The office is a vital department of every organization. Omotosho  described the office as “the place [room or building] in which the paperwork of an organization is done. ” He added, “It is the nerve center of any business. ” According to Denyer , “an office is any room where clerical work is habitually performed as the work of that room: …”
Traditionally, the function of the office has been described as providing the service of communication and record. Whilst this was perhaps sufficient information in the past, it is inadequate today. A more recent definition, according to Mill and Standingford , suggests five major functions of receiving, recording, arranging, giving information and safe guarding assets.
Efficient Workflow in the Office
For the office to carry out its functions, planning the layout of the office is important. This planning depends on the types and sizes of the organization. One of the factors considered in planning the layout is workflow.
Osuala considered workflow as “crucial in determining the efficiency of office layout” and said, “It refers to the movement of information either vertically [between supervisors and subordinates or vice versa] or horizontally [between employees of the same responsibility level]. ” He stressed further that “for the most efficient workflow, personnel and equipment should be arranged in such a way that the information moves in as straight a line as possible to avoid backtracking and criss-crossing patterns.
Mailroom & Workflow: The Concert
Osuala saw ‘communication network’ as the link between efficient workflow and the Mailroom. He pointed out that in addition to studying the flow of work between individuals and departments, it is also vitally important to analyze the nature of both oral and written communication between individuals and departments.
Omotosho  extended the ‘communication network’ to external contacts of the organization. He expounded that written communication is usually in the forms of mail: letters and correspondence. These written communications are letters, orders, invoices and various forms and memoranda. They are information flow within and outside the organization.
The section of the organization chiefly concerned with these written communications is the Mailroom. Therefore, the contribution of the Mailroom to efficient workflow cannot be over-emphasized.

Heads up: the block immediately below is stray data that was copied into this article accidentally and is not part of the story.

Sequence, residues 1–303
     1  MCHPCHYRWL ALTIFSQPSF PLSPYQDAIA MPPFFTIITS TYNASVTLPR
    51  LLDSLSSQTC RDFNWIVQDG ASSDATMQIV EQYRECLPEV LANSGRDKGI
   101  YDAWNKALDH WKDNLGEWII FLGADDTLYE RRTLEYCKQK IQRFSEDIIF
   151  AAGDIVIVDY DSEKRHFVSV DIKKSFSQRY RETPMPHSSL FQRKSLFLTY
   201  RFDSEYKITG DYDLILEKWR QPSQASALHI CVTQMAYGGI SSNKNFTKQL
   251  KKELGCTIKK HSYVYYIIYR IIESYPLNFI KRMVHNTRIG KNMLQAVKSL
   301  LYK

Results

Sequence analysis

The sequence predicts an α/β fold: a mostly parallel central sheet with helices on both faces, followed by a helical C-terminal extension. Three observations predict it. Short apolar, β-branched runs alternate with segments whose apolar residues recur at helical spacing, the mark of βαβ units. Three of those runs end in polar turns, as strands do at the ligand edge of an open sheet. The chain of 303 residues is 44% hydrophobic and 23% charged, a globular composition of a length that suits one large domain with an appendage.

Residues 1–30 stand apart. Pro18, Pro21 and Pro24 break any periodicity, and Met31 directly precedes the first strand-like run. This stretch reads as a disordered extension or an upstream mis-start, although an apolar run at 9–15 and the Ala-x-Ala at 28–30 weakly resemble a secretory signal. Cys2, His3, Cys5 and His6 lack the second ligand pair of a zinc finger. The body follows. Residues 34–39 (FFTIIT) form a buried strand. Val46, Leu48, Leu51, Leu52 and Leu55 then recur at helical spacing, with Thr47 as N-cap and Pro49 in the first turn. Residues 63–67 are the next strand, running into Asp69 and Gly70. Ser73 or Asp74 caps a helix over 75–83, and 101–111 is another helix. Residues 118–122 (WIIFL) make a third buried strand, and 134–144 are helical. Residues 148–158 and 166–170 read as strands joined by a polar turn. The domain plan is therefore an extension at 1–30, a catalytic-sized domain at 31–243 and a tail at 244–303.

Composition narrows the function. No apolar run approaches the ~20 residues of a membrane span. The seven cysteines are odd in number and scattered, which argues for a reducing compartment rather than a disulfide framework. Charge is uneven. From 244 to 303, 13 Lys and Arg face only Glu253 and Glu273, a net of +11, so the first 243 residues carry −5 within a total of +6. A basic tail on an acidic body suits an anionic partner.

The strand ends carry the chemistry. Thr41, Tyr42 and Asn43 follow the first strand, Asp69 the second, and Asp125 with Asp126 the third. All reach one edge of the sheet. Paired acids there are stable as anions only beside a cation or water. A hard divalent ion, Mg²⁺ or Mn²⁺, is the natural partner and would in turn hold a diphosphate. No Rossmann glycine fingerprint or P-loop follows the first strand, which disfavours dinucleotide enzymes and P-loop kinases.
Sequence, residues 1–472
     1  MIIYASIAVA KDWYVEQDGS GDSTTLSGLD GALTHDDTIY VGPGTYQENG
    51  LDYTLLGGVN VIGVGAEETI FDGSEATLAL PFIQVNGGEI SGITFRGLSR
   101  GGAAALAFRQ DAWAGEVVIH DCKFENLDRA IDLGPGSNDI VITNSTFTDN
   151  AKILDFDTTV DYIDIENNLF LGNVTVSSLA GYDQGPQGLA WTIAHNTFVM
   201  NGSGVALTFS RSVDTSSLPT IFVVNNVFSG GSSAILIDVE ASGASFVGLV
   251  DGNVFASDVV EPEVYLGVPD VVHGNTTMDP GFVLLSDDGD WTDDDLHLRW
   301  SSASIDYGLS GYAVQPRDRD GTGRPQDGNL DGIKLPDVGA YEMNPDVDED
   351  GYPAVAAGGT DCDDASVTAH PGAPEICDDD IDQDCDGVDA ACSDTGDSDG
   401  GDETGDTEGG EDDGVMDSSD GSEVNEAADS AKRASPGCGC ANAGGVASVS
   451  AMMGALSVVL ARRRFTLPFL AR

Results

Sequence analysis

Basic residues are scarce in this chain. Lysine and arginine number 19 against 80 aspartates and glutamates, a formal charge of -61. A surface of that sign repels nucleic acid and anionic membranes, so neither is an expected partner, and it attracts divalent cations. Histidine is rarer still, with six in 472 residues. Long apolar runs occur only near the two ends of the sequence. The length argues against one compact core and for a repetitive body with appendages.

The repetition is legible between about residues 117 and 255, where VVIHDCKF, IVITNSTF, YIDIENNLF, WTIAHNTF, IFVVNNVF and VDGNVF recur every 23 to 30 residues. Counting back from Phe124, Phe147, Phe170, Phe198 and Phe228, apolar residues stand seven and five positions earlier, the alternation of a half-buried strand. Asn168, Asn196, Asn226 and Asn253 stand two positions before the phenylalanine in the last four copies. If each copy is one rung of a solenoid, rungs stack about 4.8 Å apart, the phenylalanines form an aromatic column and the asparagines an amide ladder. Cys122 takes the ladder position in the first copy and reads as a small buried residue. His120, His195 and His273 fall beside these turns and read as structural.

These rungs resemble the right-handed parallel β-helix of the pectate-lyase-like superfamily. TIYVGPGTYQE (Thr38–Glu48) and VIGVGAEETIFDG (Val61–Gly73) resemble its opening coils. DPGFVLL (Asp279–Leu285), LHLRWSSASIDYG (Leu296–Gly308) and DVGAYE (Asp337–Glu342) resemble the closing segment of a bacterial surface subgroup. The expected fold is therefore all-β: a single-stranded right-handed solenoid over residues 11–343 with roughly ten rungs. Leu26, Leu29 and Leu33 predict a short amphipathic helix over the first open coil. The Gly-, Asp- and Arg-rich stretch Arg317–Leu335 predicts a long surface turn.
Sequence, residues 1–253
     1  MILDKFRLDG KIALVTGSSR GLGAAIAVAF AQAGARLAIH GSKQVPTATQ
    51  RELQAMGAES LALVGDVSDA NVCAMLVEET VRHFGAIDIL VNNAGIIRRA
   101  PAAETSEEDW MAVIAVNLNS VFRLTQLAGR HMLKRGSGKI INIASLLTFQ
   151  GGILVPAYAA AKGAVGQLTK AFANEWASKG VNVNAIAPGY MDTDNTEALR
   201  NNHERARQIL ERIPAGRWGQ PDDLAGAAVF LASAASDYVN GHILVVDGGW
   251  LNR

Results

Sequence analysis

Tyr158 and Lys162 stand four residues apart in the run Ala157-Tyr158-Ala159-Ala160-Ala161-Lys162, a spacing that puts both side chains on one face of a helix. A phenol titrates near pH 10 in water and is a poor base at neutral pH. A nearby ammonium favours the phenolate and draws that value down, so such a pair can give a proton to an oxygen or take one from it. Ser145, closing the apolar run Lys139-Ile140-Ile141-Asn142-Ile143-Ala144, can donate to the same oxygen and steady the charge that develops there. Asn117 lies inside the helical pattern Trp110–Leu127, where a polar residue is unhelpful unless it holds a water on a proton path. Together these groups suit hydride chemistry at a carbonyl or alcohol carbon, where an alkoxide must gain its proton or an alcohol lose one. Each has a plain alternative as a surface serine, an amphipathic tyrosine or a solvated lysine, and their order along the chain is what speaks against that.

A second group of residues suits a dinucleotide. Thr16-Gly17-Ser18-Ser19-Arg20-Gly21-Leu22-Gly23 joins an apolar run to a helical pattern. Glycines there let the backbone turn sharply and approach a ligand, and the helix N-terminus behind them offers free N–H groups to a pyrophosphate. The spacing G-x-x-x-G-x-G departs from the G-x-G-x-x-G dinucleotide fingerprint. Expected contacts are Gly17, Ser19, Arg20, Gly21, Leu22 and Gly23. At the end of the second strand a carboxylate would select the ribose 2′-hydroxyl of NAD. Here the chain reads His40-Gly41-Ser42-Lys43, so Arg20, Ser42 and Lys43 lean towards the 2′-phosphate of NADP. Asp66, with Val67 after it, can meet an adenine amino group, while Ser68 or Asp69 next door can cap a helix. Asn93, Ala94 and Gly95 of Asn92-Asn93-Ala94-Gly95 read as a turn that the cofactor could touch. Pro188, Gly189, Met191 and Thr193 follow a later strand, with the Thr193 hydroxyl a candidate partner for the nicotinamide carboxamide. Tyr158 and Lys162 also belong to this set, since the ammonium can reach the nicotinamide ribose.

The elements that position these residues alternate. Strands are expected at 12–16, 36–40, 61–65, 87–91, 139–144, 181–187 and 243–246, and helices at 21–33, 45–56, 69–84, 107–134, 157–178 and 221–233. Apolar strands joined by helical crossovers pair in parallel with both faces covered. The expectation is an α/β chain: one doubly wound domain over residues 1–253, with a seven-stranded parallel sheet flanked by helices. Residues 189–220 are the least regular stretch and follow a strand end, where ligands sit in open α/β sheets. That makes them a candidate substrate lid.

The Mailroom otherwise known as the Mailing Department is an important part of most medium and large-sized organizations. Through the department flow all the incoming letters, correspondence and parcels; the outgoing mail is collected, stamped and dispatched; and in some organizations, internal messages are transferred from department to department.
While considering the contribution of the mailroom to the facilitation of efficient workflow, Bunting  concluded that all messages must be dealt with promptly and effectively. He, however, emphasized that there must be order and method in order to avoid confusion and mislaid or forgotten correspondence. A great deal of care and attention should, therefore, be to mailroom workers and equipment.
Handling mail in the mailroom can yield a dividend to the organization, or adversely affect departmental productivity and profitability of the organization. Mail handling is classified into three main categories: incoming, internal and outgoing mail.
- Incoming Mail. These are mail received by the organization. They are usually opened [unless marked ‘Private’ or ‘Confidential’], dated and sorted, and distributed throughout the organization. Everything in this section is urgent and important and should be treated so. Incoming mail can be grouped into three classes:
i. Urgent Mail. These are mail needing the prompt attention of either the manager or secretary. They are telegrams, cablegrams, orders and remittances.
ii. Less Urgent Mail. These are mail for which attention could be delayed for sometime. They include circulars, publications and notices.
iii. Personal Mail. These are mail meant for opening by the addressees. Such letters are marked on the envelope ‘Private/Confidential’ or addressed to officers by name rather than by their office titles.
The first two groups can be opened in the mailroom and routed to appropriate departments. Personal letters should be left unopened, as they may not have anything to do with the business in general. Suppose such personal letters are opened in error, a note should be made on the envelope, that is, ‘opened by mistake’.
- Internal Mail. The mailroom can be used as an intermediary or sorting station for the distribution of internal correspondence, which have originated within the organization and which are destined for some other departments. Files, which are sorted departmentally and letters/circulars containing messages for several departments can be distributed in this way.
- Outgoing Mail. These are letters sent out by the organization. They may be sent out to customers, government agencies, press, and the public. Outgoing mail represents the image of the organization and care should be taken in preparing and dispatching them.